Archbishop to Move Belmont Priest Accused of Sex Crime
Father Daniel Carter Is to Be Moved from
By Tim Hay
San Mateo County Times (San Mateo, CA)
April 10, 2003
Though the Archbishop of San Francisco plans to move Father Daniel Carter to another parish, the priest does not want to leave the Immaculate Heart of Mary church in Belmont.
Father Carter has been accused of sexually molesting a child more than 25 years ago when he was a brother at the Notre Dame des Victoires Parochial School in San Francisco. The priest returned to the pulpit last Sunday after eight months on administrative leave.
"He does not want to be changed, and he's not going to accept that change," said John Belou, a member of the church.
Some parishioners say Father Carter, who has been at the Belmont church since 2000, has asked them to support him in resisting the reassigment — and many stand behind him.
"Most parishioners, including me, don't want to see him go," said 80-year-old Ed Morrie, who has been attending the church for 40 years.
In a March 25 letter to the priest, Archbishop William J. Levada said an independent panel had reviewed the accusations — levelled last August in a civil suit by a woman now in her 30s — and called them "unfounded."
The panel was appointed by church officials, and the identities of its members have not been made public.
Levada went on to say that Father Carter's work at Immaculate Heart of Mary would end July 1, and he will be placed elsewhere.
"This new assignment is unrelated to the recent allegations of sexual abuse of a minor," Levada wrote.
Calls to the San Francisco Archdiocese for comment were not returned Wednesday.
While the church's official review board discounted the woman's claims, a group of concerned churchgoers found her "totally credible," according to Gordon Seeley, a member of Voices of the Faithful. The group is a national organization of lay Catholics aimed at bringing reforms to the church.
Seeley, a San Francisco State University professor who has attended IHM since 1968, said about 12 members of Voices of the Faithful — including himself — interviewed the woman twice, and two psychologists were present. They found her story believable, Seeley said.
The lawsuit was filed in August, withdrawn in January and refiled last month in San Francisco County Superior Court. Father Carter has told the parish he has yet to be served with it.
Rick Simons, a Hayward attorney representing the woman, said the suit was withdrawn and refiled to take advantage of a one-year lifting of the statute of limitations on old sex-abuse cases that American bishops approved last June.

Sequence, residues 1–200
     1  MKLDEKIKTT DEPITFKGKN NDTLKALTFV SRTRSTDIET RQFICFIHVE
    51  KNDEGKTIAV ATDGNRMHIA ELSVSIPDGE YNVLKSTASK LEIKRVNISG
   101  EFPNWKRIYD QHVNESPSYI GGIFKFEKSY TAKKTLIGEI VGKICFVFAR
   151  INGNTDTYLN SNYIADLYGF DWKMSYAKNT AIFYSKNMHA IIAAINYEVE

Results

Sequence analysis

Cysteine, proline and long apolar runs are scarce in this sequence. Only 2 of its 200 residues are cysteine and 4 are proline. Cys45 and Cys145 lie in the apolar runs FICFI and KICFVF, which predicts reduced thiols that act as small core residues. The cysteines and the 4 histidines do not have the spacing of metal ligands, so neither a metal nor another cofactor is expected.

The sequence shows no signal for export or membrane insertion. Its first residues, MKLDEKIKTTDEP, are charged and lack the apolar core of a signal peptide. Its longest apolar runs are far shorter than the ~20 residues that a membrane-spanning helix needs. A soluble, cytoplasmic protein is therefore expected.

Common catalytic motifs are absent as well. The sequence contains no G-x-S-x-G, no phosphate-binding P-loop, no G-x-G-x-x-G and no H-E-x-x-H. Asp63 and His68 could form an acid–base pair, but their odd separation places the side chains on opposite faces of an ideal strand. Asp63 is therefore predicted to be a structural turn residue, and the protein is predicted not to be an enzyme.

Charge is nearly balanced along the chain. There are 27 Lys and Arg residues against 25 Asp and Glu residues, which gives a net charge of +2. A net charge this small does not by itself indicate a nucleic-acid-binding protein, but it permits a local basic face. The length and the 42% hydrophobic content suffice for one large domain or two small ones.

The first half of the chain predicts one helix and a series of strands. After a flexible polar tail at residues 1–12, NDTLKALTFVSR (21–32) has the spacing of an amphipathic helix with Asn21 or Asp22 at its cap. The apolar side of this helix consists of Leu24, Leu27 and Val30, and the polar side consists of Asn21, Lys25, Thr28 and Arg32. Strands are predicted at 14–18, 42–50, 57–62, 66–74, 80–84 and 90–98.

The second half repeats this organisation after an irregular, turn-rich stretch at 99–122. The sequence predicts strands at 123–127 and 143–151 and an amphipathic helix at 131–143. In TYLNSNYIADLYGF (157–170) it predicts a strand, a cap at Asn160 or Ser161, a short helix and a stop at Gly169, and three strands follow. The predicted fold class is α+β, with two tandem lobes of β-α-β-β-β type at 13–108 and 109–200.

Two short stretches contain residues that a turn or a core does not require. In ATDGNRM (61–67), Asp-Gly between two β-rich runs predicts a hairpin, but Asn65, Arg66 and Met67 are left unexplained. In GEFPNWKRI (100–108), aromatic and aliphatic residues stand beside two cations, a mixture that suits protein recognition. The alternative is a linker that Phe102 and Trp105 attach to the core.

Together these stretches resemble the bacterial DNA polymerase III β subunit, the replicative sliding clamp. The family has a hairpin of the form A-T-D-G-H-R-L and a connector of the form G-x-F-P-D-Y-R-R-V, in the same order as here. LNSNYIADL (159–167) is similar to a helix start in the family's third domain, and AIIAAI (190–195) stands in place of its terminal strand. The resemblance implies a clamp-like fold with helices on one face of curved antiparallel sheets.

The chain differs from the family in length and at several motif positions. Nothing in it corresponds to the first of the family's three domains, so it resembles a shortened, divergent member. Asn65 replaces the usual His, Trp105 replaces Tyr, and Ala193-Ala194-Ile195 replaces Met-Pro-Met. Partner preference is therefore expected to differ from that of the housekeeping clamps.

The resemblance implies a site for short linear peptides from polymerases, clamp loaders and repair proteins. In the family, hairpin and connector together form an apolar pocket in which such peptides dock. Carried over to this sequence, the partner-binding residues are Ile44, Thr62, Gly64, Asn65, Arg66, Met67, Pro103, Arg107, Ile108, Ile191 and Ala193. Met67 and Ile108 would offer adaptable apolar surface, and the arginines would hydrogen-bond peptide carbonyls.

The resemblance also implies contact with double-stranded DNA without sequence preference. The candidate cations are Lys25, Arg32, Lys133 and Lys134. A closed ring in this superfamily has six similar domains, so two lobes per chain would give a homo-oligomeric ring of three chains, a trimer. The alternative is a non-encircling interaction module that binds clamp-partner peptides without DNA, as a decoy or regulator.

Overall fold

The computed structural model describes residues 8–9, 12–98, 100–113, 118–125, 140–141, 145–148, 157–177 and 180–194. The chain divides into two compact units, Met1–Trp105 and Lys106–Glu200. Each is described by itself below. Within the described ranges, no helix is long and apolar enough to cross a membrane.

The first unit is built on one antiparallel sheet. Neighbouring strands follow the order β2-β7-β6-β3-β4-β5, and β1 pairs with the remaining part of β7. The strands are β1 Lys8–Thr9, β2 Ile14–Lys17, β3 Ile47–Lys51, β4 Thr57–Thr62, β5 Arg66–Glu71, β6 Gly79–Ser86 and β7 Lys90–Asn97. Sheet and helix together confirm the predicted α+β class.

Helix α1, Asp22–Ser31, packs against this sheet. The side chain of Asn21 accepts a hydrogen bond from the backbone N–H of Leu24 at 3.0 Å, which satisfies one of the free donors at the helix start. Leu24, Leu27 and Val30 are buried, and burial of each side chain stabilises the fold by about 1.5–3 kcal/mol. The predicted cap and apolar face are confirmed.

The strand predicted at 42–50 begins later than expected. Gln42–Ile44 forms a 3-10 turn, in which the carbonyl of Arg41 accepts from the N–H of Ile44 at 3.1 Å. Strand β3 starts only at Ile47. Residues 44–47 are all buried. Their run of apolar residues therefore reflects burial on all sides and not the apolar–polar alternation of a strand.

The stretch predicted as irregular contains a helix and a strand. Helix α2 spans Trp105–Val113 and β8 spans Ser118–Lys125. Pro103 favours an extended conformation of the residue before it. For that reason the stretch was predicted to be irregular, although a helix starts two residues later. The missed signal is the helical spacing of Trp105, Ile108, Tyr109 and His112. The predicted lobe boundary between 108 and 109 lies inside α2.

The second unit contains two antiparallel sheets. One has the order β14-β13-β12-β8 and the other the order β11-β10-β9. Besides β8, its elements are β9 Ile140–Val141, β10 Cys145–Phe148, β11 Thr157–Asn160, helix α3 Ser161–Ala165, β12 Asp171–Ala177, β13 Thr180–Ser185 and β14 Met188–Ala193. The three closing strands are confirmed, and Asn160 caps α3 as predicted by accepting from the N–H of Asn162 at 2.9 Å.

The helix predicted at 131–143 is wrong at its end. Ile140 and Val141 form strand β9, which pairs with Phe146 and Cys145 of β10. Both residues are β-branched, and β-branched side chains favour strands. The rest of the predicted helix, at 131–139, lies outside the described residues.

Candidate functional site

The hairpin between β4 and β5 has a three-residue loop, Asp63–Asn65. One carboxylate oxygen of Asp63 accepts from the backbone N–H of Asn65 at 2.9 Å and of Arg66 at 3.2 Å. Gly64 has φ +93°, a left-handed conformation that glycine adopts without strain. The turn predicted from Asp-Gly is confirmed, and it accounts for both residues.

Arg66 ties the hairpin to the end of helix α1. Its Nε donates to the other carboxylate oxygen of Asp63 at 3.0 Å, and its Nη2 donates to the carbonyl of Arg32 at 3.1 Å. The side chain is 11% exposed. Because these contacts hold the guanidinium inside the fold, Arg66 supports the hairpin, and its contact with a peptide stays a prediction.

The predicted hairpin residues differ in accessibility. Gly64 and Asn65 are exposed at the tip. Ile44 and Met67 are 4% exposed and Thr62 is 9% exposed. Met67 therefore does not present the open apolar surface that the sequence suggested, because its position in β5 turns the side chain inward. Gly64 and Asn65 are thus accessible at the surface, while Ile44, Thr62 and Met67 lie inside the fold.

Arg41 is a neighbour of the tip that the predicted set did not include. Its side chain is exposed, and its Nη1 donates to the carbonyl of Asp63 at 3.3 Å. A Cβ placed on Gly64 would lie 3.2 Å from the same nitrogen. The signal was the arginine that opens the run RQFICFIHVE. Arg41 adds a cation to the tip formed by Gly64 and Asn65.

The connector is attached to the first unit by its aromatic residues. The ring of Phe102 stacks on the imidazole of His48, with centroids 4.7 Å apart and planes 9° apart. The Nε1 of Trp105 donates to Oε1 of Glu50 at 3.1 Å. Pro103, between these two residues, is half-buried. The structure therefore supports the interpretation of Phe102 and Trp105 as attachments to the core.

The woman has chosen not to identify herself in the complaint, Simons said, because the law allows anonymity for plaintiffs in potentially embarassing proceedings. Her name was submitted to the court separately, and was not made available to The Times.
According to court documents, the woman complained to church officials four months before filing her suit, but got no response.
Father Carter was put on leave two days after it was filed, though the church denied it was related to the lawsuit, Simons said.
Under the Dallas Charter — an agreement put together by bishops last summer when it was revealed that the Boston Archdiocese had repeatedly transferred priests accused of sexual misconduct, rather than removing them — the church must notify police of any such accusations against the clergy.
It is unknown whether that happened in this case. A spokesman for the San Francisco District Attorney's Office, Mark McNamara, said he could not confirm or deny that there had been an investigation.
When Father Carter returned on Sunday, he was greeted by protesters — some who said they were survivors of sexual abuse at the hands of priests — and many supporters.
Members of both camps called The Times on Wednesday.
"He needs to be removed from ministry," said Terrie Light, a member of Survivors' Network of those Abused by Priests.
"He wasn't even a priest at the time [of the alleged acts]," said Doris Stark, a longtime parishioner. "This woman is just trying to make money. He's a great priest, and he's friendly to everyone. If he's transferred, I hope it's nearby."
Other callers said Father Carter, who has worked at Our Lady of the Pillar Church in Half Moon Bay and several San Francisco churches, was absolved of all previous acts when he took the vow to become a priest.
"He's like a clean slate," said Morrie.
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